Ocean Circulation and Climate belongs on every climate geek's holiday wish list
From The Guardian
A new book summarizing much of what we know about oceans and the role they play in shaping our Earth's climate was just published.
For researchers like myself, we often become fixated with learning the newest facts or reading the latest studies in our fields.
Every so often, however, it is necessary to take a step back and provide a retrospective look at how our knowledge has developed with time.
Such a retrospective was just provided by some of the world's most qualified oceanographers. It is an update to a legendary text that was first printed in 2001.
This is the second edition of "Ocean Circulation and Climate – Observing and Modelling the Global Ocean" published in 2001 at the end of the World Ocean Circulation Experiment (WOCE).
During the 1990s WOCE built on the availability of a new generation of altimeter satellites and carried out the first global scale study of the role of the oceans and their circulation in earth's climate. WOCE's primary objective was "to develop models useful for predicting climate change and to collect the data necessary to test them".
Since WOCE there has been enormous further progress both on ocean observations and modeling.
The Argo array of profiling floats (a technological development started during WOCE) now routinely monitors the temperature and salinity of the upper ocean.
The series of altimeter satellites continues.
These strands now allow a better understanding of the inherent variability of the ocean not available in 2001.
In parallel, the relentless increase in computational power permits better representation of crucial ocean processes.
The new book has been produced simultaneously with the preparation of the 2013 IPCC WG1 5th assessment report and provides useful and up-to-date background on ocean-related issues central to the IPCC's assessment.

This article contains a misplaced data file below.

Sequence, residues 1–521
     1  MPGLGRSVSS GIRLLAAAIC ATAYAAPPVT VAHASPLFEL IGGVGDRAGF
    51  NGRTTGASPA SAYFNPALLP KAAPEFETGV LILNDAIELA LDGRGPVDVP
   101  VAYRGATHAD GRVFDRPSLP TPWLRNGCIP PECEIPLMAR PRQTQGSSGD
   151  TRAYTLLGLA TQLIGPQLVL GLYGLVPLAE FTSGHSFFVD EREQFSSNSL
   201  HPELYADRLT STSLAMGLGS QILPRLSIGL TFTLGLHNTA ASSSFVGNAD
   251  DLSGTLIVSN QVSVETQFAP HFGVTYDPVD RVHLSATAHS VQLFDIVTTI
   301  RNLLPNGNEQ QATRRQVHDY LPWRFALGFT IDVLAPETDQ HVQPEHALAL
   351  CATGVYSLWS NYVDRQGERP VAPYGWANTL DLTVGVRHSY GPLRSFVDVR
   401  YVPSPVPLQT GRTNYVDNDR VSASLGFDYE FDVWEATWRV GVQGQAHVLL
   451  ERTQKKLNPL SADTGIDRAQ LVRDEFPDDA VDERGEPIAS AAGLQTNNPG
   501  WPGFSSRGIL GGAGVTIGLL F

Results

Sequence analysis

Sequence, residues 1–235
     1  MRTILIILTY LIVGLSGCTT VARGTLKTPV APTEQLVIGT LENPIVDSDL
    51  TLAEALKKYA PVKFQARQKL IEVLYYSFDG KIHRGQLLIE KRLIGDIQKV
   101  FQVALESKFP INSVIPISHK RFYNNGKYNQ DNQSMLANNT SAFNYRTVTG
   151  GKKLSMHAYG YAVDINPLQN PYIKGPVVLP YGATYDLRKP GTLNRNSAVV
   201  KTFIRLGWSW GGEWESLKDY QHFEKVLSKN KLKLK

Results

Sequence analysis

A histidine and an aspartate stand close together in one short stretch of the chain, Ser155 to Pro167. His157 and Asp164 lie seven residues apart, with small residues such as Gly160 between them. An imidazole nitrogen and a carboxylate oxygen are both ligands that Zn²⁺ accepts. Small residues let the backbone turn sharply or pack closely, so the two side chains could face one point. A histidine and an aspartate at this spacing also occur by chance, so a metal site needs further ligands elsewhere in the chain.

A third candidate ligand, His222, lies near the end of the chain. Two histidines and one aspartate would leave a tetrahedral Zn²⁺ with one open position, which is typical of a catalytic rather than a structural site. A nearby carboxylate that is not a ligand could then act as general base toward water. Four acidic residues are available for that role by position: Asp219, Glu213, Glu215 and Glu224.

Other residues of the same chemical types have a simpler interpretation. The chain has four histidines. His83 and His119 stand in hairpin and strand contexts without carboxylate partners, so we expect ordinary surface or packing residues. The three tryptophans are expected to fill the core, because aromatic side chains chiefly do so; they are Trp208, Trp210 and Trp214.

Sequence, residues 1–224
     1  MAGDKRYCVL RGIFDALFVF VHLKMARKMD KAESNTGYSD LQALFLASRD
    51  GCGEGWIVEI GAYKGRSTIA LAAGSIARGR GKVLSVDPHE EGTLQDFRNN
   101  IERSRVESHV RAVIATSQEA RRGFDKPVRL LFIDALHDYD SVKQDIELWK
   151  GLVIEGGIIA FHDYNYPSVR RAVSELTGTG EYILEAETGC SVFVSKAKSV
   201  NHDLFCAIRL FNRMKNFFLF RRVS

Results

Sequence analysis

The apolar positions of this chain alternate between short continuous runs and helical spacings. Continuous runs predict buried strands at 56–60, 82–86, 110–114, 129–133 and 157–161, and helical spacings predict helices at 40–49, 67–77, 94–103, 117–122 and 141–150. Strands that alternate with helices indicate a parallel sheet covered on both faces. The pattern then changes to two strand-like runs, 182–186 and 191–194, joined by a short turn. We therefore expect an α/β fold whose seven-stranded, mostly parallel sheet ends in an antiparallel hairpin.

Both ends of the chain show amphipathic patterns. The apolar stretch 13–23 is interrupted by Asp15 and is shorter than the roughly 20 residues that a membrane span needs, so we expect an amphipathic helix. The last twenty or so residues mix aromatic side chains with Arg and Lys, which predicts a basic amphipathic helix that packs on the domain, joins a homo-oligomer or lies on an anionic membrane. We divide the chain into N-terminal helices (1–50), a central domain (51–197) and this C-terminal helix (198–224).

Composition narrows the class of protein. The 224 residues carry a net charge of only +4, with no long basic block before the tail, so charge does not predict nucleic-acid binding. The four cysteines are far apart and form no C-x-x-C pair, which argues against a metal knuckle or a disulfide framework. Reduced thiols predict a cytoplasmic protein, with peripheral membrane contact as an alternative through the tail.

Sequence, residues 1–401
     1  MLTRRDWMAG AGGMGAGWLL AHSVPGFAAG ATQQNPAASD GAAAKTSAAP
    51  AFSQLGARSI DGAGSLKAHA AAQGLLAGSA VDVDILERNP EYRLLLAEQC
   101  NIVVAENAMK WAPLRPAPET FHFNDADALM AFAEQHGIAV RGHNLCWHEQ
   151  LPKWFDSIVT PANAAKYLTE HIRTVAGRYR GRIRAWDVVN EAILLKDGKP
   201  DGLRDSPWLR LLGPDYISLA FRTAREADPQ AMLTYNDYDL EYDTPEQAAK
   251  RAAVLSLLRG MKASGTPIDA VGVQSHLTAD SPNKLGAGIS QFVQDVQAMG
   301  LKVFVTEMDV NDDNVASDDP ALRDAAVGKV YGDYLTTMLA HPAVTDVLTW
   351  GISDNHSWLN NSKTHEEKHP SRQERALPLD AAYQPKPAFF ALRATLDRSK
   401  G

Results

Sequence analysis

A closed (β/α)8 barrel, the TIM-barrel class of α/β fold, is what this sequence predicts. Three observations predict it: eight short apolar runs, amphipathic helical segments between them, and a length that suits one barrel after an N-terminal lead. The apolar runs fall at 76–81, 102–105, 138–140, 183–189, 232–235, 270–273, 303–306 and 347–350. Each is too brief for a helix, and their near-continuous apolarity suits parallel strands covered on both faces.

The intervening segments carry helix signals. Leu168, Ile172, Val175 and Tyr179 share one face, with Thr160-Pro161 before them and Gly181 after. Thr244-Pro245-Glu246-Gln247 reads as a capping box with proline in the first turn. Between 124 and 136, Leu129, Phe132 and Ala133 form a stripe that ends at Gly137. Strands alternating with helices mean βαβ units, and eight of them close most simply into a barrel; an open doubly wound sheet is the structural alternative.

The remarkable progress in this area of ocean science since the turn of the century means that many of our present-day modeling and observational capabilities could only have been dreamed about in the 1990s.
Thus the book, subtitled "A 21st Century Perspective", is both timely and important.
It contains 31 chapters that span the present state of knowledge
The 78 authors provide a truly international perspective as recognized experts in their respective fields.
Eight were also authors of the IPCC WG1 AR5, which was released this fall, including Thomas Stocker (Chairman of WG1) who wrote the first chapter, "The Oceans as a Component of the Climate System".
Three of the editors, Gerold Siedler (Germany), John Gould (UK) and John Church (Australia), were editors of the first edition and were joined by Stephen Griffies (USA) to provide additional expertise on modeling.
All are internationally recognized experts in their respective fields.
The introduction provides a great justification for the text,
"Were it not for the ocean's ability to absorb substantial amounts of heat and carbon, the effects of worldwide anthropogenic climate change would be much larger. The ocean is therefore already an important mitigating element in the Earth System"As a part-time ocean scientist myself, and a self-described ocean nerd, this may be the first item on my Christmas list.